Kathmandu: Nepal`s paralysing Maoist protests received a new twist on Friday when hundreds of apolitical protesters, mostly in white, demonstrated against the former rebel cadres dressed in red, giving the opposition party and the besieged government a 48-hour ultimatum to resolve the crisis.
Nearly 50 organisations banded under Nepal`s business and professional communities called a mass meeting at the heart of the capital on Friday to show the growing public anger at the Maoist strike that has kept the country paralysed since May 02 with the government unable to defuse the row.
The old royal palace at Kathmandu`s Basantpur, where the mansion of Nepal`s living goddess Kumari is located and where the kings of Nepal held court for diplomats and people before the abolition of monarchy in 2008, turned into a sea of people who waved white banners and clapped lustily calling for peace and an end to the discord.
"This mass meet has been called to convey the people`s command to the political parties," said Kush Kumar Joshi, chief of the Federation of Nepalese Chambers of Commerce and Industry that called the demonstration in collaboration with the Nepal Chamber of Commerce and Professionals` Alliance for Peace and Democracy, which played a key role during the pro-democracy protests against king Gyanendra`s Army-backed regime in 2006.
"The two crore 80 lakh people of Nepal can`t sit idly and watch. We are asking the government to reach an agreement with the Maoists in two days. We will not tolerate any more strikes and disruptions, that`s our demand."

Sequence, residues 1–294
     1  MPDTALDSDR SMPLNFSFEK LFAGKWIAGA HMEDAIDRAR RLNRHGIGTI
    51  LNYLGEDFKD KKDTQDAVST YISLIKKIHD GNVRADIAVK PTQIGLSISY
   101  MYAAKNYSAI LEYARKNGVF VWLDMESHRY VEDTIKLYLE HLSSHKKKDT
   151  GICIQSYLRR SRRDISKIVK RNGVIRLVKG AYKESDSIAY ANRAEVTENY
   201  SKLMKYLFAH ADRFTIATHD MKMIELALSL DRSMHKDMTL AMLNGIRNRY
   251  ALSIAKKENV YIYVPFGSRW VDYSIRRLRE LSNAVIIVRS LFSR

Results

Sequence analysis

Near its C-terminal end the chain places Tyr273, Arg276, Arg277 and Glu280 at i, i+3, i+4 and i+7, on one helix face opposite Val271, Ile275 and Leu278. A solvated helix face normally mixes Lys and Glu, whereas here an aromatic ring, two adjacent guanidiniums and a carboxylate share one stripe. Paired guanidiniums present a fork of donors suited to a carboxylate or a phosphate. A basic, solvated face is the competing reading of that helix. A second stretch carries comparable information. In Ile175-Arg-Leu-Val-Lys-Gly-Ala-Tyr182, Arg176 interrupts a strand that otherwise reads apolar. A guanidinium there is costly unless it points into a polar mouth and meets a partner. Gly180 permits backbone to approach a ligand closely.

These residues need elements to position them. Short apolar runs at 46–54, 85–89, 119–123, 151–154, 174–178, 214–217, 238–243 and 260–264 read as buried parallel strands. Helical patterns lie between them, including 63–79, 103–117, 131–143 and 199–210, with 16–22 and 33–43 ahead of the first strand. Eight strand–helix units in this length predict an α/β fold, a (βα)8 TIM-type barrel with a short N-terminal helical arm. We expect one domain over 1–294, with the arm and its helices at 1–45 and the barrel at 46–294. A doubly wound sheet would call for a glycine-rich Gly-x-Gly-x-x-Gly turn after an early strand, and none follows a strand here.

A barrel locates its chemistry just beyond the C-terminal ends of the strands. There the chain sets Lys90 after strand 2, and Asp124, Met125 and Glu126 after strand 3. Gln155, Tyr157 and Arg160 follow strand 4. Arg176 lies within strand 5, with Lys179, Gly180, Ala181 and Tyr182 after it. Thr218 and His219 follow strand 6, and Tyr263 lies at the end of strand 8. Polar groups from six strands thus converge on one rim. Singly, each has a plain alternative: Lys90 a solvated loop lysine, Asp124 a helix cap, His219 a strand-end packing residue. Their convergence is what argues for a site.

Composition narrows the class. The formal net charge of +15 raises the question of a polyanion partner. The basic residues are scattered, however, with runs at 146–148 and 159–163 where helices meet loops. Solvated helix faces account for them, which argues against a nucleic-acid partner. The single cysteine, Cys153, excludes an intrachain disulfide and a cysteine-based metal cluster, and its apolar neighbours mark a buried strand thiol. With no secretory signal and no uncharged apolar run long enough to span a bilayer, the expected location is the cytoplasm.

There were reports that the Maoists, who have been losing their popularity due to the hardship inflicted by the strike, had tried to pressure the organisations into calling off the anti-strike rally.
However, people defied obstruction by Maoist patrols and the lack of transport to reach the rally venue from different parts of the capital. Joshi said protests were being held simultaneously nationwide.
Close to the rally venue, clashes broke out between the Maoists and the youth wing of the ruling communist party, the Youth Force. Security forces had to fire teargas shells and swing into action to bring the situation under control.
The Youth Force has been leading anti-Maoist protests, triggering clashes even as party chief Jhalanath Khanal denied deploying the youth wing to break up the Maoist protest.
"I came to the meeting because we want to send out the message to the parties that we elected them to parliament with a mandate," said Mani Sharma, a 32-year-old teacher who had walked for two hours to show solidarity. "Their task is to write a new Constitution and consolidate peace, not to indulge in infighting."
Nepal`s leading celebrities were also present at the rally, including singing sensation Buddhist nun Ani Choying Dolma and popular comedians Madan Krishna Shrestha and Hari Vansh Acharya. Buddhist nuns and monks, Christians, Muslims and Jains and Sikhs were also present.
"I have come to look for peace," said Madan Krishna Shrestha. "It has been pocketed by the politicians. I have come to remind them that they are the people`s servants and have to follow the orders given by their master, the people."
The crowds said they would intensify pressure on both the warring parties to end the strike that was causing indescribable hardship to a nation already wrecked by a decade of insurgency.
The protest has echos of the clashes in Thailand where anti-government `red shirts` have taken on government forces.